So you’ve heard of bike fitting but wondered to yourself, do you need a bike fit? Bike fits have become far more common in the general population. When I started doing them in 2011, the average cyclist really only wanted one if they had severe pain issues on their bike. These days, I get cyclists that come in with a new bike that they’ve barely ridden purely for optimisation of cycling position and prevention. The calibre of cyclists can be anywhere from just a dawdle around the lake to full-time professional cyclist.
I have had the pleasure of fitting bikes to Canberrans for over 12 years, and in that time, I’ve worked with beginners to professional cyclists in all forms of the sport. I even wrote an article for flow magazine about bike fitting and my work with Dylan Cooper.
So, do you need a bike fit, and how will it help you?
Our philosophy in the clinic is to fit you to the bike as much as the bike to you. In the clinic, we run through a full musculoskeletal screening prior to checking you on the bike. It may be your body that needs some work too.
However, let’s look at different bike set-up positions and how they relate to what you may feel in your body. I’m mostly referring to road bike setup, but the same concepts apply to time trial bikes, mountain bikes and everything in between.
Here is what you may feel if your position is not quite right.
Too far forwards
- Pressure uncomfortably through your toes.
- Poor calf muscle activation.
Too far back
- Also poor calf muscle recruitment.
- Increased quadricep loading (tired thighs).
Cleat angle (rotation) wrong
- Knee pain around your knee cap or joint line where the menisci lie.
- Knees wanting to pedal up and down on the wrong angle – i.e. towards the top tube or out to the side.
- Side to side rocking in your pelvis (can cause saddle sore or low back pain).
- Low back pain from over extending your leg.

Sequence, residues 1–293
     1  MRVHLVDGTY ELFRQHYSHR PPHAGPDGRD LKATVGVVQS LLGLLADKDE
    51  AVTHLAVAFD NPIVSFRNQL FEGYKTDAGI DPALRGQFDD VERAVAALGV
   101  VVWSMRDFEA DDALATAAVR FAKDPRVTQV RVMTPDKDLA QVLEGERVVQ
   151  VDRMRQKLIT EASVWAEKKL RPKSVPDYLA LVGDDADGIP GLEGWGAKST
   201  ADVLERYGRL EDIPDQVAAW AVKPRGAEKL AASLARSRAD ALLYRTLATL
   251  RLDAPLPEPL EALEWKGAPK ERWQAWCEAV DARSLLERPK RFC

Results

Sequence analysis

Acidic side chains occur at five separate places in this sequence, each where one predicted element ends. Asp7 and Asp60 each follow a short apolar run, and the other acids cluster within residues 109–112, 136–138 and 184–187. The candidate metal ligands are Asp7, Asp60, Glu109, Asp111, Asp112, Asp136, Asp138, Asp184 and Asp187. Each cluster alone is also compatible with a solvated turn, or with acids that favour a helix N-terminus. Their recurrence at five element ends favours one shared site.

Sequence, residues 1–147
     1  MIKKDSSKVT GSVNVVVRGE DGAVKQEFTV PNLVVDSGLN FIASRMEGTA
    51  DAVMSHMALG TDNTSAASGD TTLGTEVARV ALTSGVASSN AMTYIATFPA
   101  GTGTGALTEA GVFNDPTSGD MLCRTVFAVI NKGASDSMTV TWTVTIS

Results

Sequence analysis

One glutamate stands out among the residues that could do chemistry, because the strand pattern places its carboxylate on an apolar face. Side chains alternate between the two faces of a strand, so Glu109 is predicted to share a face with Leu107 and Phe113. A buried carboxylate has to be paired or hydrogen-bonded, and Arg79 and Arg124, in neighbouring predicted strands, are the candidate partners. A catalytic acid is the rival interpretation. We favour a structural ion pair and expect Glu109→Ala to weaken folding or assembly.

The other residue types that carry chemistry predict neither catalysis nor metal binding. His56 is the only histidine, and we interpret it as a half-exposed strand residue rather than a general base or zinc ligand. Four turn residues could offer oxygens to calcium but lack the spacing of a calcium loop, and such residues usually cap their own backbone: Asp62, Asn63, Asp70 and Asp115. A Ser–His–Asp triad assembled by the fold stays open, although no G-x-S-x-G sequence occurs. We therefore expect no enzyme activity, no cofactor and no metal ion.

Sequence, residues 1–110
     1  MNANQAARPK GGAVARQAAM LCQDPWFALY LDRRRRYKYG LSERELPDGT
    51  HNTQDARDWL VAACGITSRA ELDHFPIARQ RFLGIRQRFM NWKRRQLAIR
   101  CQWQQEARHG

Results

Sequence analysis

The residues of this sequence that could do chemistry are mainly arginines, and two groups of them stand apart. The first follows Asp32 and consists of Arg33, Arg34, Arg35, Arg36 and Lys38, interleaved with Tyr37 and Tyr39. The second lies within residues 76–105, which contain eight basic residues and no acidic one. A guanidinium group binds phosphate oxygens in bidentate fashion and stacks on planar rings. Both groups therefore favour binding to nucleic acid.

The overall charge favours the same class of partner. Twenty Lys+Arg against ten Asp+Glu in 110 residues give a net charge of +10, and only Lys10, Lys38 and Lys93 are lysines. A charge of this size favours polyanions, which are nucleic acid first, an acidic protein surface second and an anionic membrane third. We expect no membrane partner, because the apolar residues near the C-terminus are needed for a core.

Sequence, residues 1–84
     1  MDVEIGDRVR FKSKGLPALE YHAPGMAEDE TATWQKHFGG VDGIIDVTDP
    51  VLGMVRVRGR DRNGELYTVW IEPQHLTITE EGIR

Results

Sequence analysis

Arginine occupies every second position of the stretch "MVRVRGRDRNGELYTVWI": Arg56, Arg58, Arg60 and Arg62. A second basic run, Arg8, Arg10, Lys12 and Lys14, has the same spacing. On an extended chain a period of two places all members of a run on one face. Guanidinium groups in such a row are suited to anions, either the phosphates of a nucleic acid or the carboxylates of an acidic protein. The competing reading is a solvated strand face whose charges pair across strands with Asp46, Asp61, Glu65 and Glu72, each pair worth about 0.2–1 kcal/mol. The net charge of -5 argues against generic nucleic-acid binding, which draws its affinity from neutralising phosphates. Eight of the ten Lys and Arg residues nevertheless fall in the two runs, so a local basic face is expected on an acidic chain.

- Back of knee pain.
- Calf cramping from pedalling with pointed toes.
- Knee pain around your patella (knee cap).
- Fatigue from a less mechanically advantageous pedalling position.
Slid too far back
- Pain around your patella from recruiting your quadriceps too early across the top of the pedal stroke.
- Low back or neck pain from being too stretched out away from the handlebars.
Too far forwards
- Knee pain from lack of glute and hamstring recruitment and increased compression of your patello-femoral joint (knee cap joint that slides up and down on the femur).
- Pressure in your hands – can cause neck pain from extra strain on your shoulders or wrist pain.
- Knee pain from extra quadriceps loading.
- Effort to stay in the correct spot on the saddle as you keep sliding forwards.
- Low back pain due to having to flex your lumbar spine more.
- Saddle area contact pain or numbness.
- Low back pain due to having to bend your back longer then it is happy with.
- Neck or shoulder pain from having to look up more than is tolerable.
- Buttock or hamstring pain from pedalling in a position that puts them on more stretch than they can tolerate.
- When very, very low, power output can drop off.
- Sometimes also results in low back pain from having the handlebars too close causing extra bend through your back.
- Slower due to poor aerodynamics.
Reach too far away
- Neck pain from rolling the shoulders forward to gain extra length out of your arms.
- Pedalling with locked out elbows which is uncomfortable for your neck but also contributes to neck pain.
- Back pain from shifting your centre of mass backwards and flexing your spine.
This will obviously differ the most between bikes. Drop bars on a road bike versus flat bars on a mountain bike or hybrid. Then there are the gravel bikes that have had an identity crisis. They are similar to mountain bike width but with road bike style drop. Either way, we are looking for the most comfortable and functional wrist position. The best way of looking at this is to imagine you are punching your handlebars. If your wrist is in any position other than a nice strong punching position, you may need to make some changes. This may include rotating the handlebar forwards or backwards slightly, adjusting brake position or shifter position, and even the type of grip.
So what is the best position you ask for all these different adjustments? Well, unfortunately, that depends on the person. For example, a flexible female with short arms and legs will be set up quite differently to a long-legged, low flexibility male. Hence the need for the full body screening that we start all our bike fits with.
Hopefully, you’ll be able to make some mild adjustments and get closer to the “best position” for your body and bike. Even if you do require a bike fit after having a play with the position, at least you’ll come in with some extra information such as “I tried this but my back felt worse” or “When I use these shoes, my knee hurts more”.
If you identify with any of the above instances, it may help you to answer the question: do you need a bike fit?
If you want more information about our bike fitting process, click here or call 62624464 and ask to speak to myself.
Some references for bedtime reading: